Wednesday, 31 December 2014

Climate change brings new neighborhood birds

As winters have warmed, some species have moved north.

To get a good look at the impacts of global warming, you may need to look no farther than your own yard. Some unexpected species may perch in a local tree or stop by your bird feeder. These newcomers have been lured north by winter’s warmer temperatures, a new study finds. Birds such as cardinals and Carolina wrens are now wintering farther north than they did as little as 20 years ago.

Since 1970, the average winter low temperatures have risen by about 0.38 degree Celsius (0.68 degree Fahrenheit) in eastern North America. Global warming, also known as climate change, is the cause.

For several decades now, the planet has been slowly warming. The world’s animals and plants have responded. Many have begun to move north or south to keep pace with the conditions they’re used to. Such movement is considered one of the best fingerprints of climate change.

Since 1970, the average winter low temperatures have risen by about 0.38 degree Celsius (0.68 degree Fahrenheit) in eastern North America. Global warming, also known as climate change, is the cause.

Benjamin Zuckerberg and Karine Princé are wildlife biologists at the University of Wisconsin-Madison. They wanted to look for evidence that Earth’s warming had been affecting bird behaviors — such as where they settle for the winter. To do this, they analyzed two decades of data from a program called Project FeederWatch. This citizen-science project at the Cornell Lab of Ornithology in Ithaca, N.Y., collects reports of sightings at bird feeders from early November to late April.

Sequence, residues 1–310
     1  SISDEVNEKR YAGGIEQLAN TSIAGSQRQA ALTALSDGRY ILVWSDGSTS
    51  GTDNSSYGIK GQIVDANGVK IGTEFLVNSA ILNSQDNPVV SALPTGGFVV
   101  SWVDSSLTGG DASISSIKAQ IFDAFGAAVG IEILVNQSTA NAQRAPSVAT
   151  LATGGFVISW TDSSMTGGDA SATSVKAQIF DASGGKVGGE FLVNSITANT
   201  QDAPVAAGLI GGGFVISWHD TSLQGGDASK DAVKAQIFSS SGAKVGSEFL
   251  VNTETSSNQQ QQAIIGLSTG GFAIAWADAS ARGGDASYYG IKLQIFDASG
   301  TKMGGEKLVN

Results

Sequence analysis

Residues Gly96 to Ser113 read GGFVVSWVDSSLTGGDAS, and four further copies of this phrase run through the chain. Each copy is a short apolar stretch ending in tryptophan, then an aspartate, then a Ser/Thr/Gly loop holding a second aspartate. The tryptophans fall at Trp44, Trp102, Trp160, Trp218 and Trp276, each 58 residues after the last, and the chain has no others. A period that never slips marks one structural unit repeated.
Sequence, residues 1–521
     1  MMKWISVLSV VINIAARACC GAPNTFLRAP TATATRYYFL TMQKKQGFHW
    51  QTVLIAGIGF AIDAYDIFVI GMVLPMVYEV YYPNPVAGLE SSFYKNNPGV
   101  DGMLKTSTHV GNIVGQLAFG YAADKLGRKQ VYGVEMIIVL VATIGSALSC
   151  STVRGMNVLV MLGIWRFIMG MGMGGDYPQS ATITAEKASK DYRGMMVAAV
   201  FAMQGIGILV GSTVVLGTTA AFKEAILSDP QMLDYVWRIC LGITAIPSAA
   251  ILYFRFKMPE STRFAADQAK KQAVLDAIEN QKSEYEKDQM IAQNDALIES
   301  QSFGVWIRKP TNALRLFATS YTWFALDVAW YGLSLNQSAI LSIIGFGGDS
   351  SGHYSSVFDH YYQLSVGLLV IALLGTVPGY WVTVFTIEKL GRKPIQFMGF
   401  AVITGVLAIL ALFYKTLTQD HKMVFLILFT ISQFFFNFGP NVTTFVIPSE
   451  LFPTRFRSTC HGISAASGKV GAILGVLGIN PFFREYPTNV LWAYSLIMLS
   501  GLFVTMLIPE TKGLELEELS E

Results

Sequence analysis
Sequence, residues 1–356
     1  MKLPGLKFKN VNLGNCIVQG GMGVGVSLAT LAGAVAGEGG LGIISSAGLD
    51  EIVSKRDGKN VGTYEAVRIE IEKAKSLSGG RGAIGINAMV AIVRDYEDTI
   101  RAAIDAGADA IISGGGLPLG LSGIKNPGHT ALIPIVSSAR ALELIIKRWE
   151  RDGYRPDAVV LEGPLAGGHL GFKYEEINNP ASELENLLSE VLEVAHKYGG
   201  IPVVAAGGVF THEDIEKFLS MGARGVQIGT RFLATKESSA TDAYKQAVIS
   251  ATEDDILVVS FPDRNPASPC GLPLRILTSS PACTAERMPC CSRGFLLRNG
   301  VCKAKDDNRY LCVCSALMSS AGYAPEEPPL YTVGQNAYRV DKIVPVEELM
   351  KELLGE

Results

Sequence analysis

There are currently more than 10,000 participating sites in the United States and Canada. Many of the studied feeders sit in people’s yards.

Tuesday, 30 December 2014

Teaching Tolerance in Kindergarten

By age 9, children have prejudices that are “highly resistant to change.” So if we want to fight racism and violence (particularly against black men), we need to teach diversity much earlier.

Children develop their sense of empathy between ages 4 and 8. It’s this ability to see and feel something from another’s perspective that helps us choose to treat others equally and to engage rather than to act from fear.

The best way to promote empathy is to provide children with quality, reciprocal relationships with people from diverse communities. But that can be difficult, as 84 percent of elementary school teachers are white. And in most major cities, the majority of public school children are not.

So, teachers need to get creative. Young children can only normalize what they experience regularly. If they only receive knowledge, insight and comfort from white people, this can have lasting effects on what they assume about people of color. It is this disconnect, as civil rights lawyer Constance Rice said, that can make police officers “kill and do things that don’t make sense to you and me.”

One effective way to help young children is to seek out diverse experts who can speak in schools about weather, food, construction, politics and electricity (all common preK- grade 3 topics).

Another way to influence young children’s racial attitudes early on are picture books. Given the particular fear toward black men, using literature to combat negative assumptions means going through classroom books and thinking carefully about how often and in what ways black boys and men are included in stories. Are there enough books with caring, compassionate and smart, black, male characters? Are books in classrooms about black history balanced with those about the everyday lives of black men so that racial diversity becomes normalized for young children?